The MTA has never been known to be ahead of the curve when it comes to implementing new technology in & around the system. This has not changed although their new implementation could go a long way towards changing that. NY1 first broke the news about the MTA implementing digital notice boards at six stations on the 7 & L lines. Here is their report:
Transit officials are testing a new program to alert subway riders with digital announcement boards in the event of delays.
Straphangers at six stations on the 7 and L lines will see video screens inside token booths as part of a pilot program.
For now, they are only broadcasting public service announcements, but officials say they will provide up-to-the-minute information on service disruptions.
The Station Agent Information Display program, or SAID, cost the MTA $30,000 so far.
Officials at the rail control center will be able to send messages to individual stations, or groups of stations using wireless technology.
“This SAID program is a way to provide better-quality, more timely information to our customers,” said 7 Line Deputy General Manager John Hoban. “It helps our agents to be more involved in the dissemination of information in the stations. And it takes the place of an old tried-and-true technology, which is that grease board behind the agent.”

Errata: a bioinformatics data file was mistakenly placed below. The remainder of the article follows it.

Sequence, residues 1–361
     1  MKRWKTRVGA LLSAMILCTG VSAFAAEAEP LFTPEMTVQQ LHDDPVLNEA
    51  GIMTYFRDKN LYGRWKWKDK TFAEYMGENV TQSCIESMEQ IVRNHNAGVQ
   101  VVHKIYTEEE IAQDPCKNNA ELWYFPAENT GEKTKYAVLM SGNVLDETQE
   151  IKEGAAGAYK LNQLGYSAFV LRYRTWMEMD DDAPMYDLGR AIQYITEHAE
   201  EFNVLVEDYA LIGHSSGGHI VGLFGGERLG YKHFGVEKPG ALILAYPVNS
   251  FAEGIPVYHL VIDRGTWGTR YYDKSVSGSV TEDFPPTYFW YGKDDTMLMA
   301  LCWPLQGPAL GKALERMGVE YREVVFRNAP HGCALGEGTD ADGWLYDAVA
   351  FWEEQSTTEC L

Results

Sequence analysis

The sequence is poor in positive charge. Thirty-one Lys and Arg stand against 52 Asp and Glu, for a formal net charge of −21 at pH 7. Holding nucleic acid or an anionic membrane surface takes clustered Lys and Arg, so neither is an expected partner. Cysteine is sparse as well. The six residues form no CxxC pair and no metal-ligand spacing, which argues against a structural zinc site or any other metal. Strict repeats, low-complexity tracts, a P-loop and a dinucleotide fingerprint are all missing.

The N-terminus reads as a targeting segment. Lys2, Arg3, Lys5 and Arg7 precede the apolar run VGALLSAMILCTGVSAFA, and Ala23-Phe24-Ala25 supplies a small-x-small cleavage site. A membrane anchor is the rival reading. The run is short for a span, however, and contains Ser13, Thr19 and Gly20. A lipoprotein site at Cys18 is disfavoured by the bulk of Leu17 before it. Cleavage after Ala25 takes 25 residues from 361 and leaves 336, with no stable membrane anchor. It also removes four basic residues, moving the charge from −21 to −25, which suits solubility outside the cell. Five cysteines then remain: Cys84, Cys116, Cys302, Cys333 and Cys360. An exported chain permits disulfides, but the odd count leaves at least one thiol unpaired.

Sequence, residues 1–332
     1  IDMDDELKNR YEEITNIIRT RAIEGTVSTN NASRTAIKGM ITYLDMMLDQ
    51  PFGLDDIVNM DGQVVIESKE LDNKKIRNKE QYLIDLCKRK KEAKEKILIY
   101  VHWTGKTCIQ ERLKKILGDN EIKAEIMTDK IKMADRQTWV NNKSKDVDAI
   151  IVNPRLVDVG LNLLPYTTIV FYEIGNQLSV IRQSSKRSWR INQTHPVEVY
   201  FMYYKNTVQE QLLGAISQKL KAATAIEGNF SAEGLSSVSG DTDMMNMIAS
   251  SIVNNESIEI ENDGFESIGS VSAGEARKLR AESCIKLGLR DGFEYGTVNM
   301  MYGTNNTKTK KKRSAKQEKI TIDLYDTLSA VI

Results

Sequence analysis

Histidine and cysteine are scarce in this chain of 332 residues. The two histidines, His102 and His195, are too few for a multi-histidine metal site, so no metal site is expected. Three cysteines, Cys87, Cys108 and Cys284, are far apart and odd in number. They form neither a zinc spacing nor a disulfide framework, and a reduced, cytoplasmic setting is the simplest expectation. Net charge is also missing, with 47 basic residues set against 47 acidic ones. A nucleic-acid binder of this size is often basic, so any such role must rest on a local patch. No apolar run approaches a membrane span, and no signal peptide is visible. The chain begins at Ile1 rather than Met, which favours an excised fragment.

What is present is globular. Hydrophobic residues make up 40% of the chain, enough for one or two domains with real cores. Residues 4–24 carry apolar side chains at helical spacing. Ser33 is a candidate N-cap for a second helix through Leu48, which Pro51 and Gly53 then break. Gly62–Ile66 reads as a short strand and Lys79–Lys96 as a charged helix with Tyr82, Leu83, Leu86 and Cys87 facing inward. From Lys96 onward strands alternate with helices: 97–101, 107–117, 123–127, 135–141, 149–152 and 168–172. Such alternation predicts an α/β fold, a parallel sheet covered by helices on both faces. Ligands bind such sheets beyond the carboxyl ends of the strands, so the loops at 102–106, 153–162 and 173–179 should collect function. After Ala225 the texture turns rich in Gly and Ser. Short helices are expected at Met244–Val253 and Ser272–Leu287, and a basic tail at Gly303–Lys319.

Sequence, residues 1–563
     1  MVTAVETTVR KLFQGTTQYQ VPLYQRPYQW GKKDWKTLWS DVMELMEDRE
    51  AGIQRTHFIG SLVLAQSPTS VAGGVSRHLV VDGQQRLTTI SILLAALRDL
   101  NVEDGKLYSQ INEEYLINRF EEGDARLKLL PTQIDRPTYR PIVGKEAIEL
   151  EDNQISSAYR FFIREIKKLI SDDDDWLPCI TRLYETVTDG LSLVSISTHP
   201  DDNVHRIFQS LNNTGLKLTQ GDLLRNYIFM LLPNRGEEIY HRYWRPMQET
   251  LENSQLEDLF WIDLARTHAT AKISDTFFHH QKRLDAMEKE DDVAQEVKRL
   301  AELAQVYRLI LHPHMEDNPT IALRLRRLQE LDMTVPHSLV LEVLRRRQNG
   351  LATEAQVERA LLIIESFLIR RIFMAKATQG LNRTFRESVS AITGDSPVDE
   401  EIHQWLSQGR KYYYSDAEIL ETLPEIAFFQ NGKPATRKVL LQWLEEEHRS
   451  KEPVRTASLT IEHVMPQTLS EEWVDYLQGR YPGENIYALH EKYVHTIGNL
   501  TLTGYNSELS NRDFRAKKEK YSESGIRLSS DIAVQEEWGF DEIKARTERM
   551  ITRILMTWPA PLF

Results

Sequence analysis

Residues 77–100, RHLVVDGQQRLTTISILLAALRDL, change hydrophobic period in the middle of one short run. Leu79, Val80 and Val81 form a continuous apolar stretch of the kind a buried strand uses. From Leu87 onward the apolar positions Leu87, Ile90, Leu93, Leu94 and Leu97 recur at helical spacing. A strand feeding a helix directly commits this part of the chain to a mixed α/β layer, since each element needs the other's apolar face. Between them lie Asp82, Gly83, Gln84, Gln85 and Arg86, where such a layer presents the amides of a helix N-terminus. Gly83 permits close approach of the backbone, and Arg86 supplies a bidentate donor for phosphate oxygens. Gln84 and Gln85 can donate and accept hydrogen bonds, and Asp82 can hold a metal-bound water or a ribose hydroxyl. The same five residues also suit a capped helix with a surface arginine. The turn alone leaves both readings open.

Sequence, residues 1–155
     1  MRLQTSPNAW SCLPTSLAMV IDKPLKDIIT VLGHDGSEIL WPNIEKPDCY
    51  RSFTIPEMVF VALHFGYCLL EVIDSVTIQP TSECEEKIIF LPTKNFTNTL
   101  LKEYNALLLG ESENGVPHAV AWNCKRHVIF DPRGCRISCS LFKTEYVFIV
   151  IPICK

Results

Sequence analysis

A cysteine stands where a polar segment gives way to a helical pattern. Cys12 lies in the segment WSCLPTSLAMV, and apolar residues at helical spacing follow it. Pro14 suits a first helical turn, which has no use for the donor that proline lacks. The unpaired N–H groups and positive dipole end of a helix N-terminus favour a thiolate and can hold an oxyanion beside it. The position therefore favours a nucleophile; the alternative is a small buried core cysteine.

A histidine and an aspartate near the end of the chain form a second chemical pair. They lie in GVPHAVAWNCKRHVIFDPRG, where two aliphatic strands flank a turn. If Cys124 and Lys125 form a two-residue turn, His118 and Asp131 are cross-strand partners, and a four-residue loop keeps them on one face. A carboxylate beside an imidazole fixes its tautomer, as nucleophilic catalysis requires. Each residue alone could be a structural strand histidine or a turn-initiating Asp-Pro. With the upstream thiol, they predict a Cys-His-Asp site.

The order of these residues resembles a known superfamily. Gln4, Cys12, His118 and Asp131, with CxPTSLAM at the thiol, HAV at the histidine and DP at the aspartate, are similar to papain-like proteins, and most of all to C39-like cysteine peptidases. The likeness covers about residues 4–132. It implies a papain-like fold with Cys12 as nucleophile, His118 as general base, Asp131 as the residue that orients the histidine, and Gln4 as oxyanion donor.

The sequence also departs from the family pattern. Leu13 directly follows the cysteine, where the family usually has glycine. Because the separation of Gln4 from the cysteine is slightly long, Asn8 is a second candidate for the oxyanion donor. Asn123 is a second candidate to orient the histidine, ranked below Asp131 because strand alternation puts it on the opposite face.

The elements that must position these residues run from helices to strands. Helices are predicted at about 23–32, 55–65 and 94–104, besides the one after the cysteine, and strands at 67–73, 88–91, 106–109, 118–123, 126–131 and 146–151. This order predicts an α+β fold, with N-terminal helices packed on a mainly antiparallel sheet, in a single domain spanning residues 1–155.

White boards will remain in the booths for now as a backup.
If the program is deemed a success, it could be expanded elsewhere in the transit system.
I am going to take a wait & see approach before giving the thumbs up or down to these new boards. At the moment as the report stated, they will only deliver PSA’s (public service announcements) that we have either seen or heard thousands of times already. The real test will be when their is some sort of a service diversion or outage due to something unforeseen. Personally I feel they should post service diversions so people know exactly what is happening before they swipe their Metrocard.
xoxo Transit Blogger